The published BLS report confirmed that inflation in the US in July increased again in annual terms for the first time in 12 months (3.2% YoY versus 3.0% YoY in June), which is due to the base effect. The result was slightly better than the consensus forecast (3.3% YoY).

Compared to the previous month, inflation maintained the June pace (0.2% mom), which coincided with the consensus forecast. Food prices have slightly accelerated growth, gasoline prices have slowed down, motor fuel and gas prices have accelerated. Core inflation (Core CPI), which does not include food and energy resources and is considered a more stable indicator of inflation, compared to the previous month maintained the same growth rate as in June (0.2% MoM), which also coincided with market expectations, but decreased slightly in annual terms to 4.7% (minimum since October 2021), while the market expected to remain at the June level of 4.8% YoY. The rental component continues to make an increasingly strong contribution to core inflation, but it is also gradually slowing growth. Also in July, car insurance became more expensive at a faster pace, prices for education and recreation services increased. On the other hand, the decline in car prices has accelerated, air transportation, medical services, and communication services have fallen in price.

The inflation data are generally close to expectations, and confirm a gradual, though not rapid disinflationary trend. It is still mainly due to lower prices for goods, while prices for services are more stable.

As J. Powell said at the last meeting, the dynamics of less volatile core inflation is more important for the Fed. Although it is still significantly higher than the target, a slight decrease (to 4.7% YoY) is rather a positive factor. But even more, the Fed would like to see a slowdown in the growth of prices for services (except housing), and this is happening slowly. Despite the restrictive level of the Fed rate (5.25-5.5%), the labor market remains very strong, with unemployment at a historic low (3.5%), but gradually the imbalance between supply and demand in the labor market is decreasing (job growth is slowing, the number of applications for unemployment benefits is growing, the ratio of the number of open vacancies to the number of unemployed), which gives hope for a "soft landing" of the economy (slowing inflation without a jump in unemployment and recession). Although we should not forget about the risks – both new inflationary shocks (a reversal in food prices), and the delayed negative reaction of the economy and the financial sector to the record rate of Fed rate hikes since the 80s.

Following the results of the last Fed meeting at the end of July, Powell said that the central bank's rate is already in the restrictive zone, which should eventually lead to a slowdown in inflation, and decisions on the need for further rate increases will be determined from meeting to meeting depending on economic data – so, at the meeting in September, the rate may be raised, but it may remain unchanged. Before the September Fed meeting, another report on the labor market and inflation will be released, but so far the data are in favor of the absence of the need for an additional rate hike, which was perceived by the market with optimism. The futures market increased from 86% to 90% the chances of keeping the Fed rate at the current level at the September meeting.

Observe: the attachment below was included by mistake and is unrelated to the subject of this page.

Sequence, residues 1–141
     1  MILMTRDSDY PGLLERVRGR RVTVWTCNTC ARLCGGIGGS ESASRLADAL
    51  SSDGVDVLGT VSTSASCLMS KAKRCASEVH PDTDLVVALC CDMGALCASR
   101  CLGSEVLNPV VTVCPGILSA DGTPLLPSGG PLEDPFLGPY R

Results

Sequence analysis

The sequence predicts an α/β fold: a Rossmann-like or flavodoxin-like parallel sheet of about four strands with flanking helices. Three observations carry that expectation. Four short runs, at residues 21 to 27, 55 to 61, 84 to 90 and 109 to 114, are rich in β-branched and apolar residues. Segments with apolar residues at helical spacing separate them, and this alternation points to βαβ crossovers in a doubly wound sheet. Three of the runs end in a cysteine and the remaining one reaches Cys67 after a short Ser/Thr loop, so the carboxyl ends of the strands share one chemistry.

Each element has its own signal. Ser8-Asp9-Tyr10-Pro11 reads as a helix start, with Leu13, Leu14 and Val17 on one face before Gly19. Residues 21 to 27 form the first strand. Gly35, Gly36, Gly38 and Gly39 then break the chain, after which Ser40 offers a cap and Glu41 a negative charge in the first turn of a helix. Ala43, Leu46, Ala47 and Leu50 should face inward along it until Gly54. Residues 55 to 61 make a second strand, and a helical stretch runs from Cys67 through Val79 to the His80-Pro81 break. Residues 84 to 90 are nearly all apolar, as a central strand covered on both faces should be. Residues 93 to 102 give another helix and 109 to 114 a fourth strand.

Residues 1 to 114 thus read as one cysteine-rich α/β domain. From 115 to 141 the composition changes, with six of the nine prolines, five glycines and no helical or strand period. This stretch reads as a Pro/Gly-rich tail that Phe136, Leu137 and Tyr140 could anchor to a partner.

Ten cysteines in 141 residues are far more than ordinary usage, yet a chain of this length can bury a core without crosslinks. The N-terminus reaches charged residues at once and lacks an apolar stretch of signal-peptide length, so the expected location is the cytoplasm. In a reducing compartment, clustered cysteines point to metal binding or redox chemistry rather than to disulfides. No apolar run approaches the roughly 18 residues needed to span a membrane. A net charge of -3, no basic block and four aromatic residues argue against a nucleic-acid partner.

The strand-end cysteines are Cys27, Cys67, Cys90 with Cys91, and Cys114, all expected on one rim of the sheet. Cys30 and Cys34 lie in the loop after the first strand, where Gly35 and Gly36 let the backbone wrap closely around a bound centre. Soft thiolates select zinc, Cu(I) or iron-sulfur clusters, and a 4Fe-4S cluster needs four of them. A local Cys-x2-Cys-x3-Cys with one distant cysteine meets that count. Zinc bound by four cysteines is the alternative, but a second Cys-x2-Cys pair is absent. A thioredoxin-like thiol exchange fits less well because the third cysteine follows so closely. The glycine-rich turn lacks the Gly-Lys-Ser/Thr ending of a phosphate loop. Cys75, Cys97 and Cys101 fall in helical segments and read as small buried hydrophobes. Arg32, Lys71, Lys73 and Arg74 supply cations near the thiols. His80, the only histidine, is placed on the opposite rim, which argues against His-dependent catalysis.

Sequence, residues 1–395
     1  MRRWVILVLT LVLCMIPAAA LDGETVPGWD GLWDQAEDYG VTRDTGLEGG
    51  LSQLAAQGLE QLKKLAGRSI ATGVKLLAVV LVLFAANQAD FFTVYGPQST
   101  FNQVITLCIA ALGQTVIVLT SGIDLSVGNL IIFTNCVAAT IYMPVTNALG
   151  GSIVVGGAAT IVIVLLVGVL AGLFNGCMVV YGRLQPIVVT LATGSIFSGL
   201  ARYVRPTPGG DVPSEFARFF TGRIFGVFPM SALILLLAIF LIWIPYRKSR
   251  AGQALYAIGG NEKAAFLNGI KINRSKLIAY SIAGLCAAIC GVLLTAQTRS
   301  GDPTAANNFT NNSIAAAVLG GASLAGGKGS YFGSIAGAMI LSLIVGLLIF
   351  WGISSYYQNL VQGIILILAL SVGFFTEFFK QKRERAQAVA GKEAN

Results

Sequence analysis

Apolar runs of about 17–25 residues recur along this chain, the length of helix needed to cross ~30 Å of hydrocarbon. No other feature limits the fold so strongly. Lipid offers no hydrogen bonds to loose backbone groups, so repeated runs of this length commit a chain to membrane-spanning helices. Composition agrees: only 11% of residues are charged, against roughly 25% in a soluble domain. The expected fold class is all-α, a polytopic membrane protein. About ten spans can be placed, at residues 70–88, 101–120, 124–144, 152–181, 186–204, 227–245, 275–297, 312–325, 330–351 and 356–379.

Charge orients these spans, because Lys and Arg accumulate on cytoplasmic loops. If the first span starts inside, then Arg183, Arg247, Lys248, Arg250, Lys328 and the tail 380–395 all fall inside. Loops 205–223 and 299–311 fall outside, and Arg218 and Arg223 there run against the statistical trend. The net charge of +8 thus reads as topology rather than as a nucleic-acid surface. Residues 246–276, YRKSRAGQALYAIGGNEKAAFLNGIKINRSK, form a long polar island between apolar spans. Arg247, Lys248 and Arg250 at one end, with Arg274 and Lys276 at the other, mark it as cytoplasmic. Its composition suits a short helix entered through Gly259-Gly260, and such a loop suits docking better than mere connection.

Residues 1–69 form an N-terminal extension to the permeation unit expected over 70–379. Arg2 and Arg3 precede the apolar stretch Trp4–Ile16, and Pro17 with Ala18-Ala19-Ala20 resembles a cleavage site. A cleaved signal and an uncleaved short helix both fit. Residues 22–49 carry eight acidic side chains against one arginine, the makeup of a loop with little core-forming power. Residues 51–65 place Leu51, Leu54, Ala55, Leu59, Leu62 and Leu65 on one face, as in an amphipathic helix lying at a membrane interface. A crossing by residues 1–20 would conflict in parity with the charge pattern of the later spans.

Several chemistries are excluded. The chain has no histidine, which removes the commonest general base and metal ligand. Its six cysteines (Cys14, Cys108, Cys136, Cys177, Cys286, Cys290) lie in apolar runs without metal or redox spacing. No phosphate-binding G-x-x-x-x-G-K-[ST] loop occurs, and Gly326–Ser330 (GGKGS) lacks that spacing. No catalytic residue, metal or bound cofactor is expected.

Annual inflation, which has been continuously declining for 12 months from the 40-year high reached last June (9.1%), increased slightly in July, which is due to the base effect. Nevertheless, it remained close to the 3% achieved a month earlier, and on a monthly basis the pace remained moderate (0.2% mom, as in June, which coincided with the consensus forecast).

Energy prices in July slowed to 0.1% MoM after 0.6% MoM in June, including the growth of gasoline prices slowed to 0.2% (1.0% in June), but the growth of motor fuel prices accelerated (+3.0% MoM) and natural gas (+2.0% MoM). In 12 months, gasoline in the United States has decreased in price by almost 20%, in general, energy resources – by 12.5%.

Food prices slightly accelerated growth (+0.2% mom, 4.9% YoY) after 0.1% mom in June. The price index for meat, poultry, fish and eggs increased by 0.5% in July, beef prices - by 2.4%.

Core inflation (excluding food and energy prices) it decreased in annual terms to 4.7% YoY (at least since October 2021) after 4.7% YoY in June, and in monthly terms maintained the growth rate of June (0.2% MoM), in line with market expectations. The main contribution to inflation (90%) is now made by "housing inflation" (shelter), with a delay reflecting the decline in market prices under new lease agreements. On a monthly basis, housing inflation is growing by 0.4% MoM for the second month in a row after 0.6% MoM in May, and on an annual basis it is 7.7% YoY. Against this background, in general, services (excluding the energy sector) maintain a fairly high monthly growth rate (+0.4%, even slightly accelerated from 0.3% MoM in June). In addition, the growth of car insurance prices contributed to the underlying inflation (price growth accelerated to +2% MoM after 1.7% MoM in June, in annual terms it is an impressive 17.8% YoY), the rise in the cost of educational services and recreation. Air transportation (-8.1% MoM), used cars (-1.3% MoM), new cars (-0.1% MoM), communication services (-0.1% MoM), medical services (-0.4% MoM) decreased in price.

The main components of inflation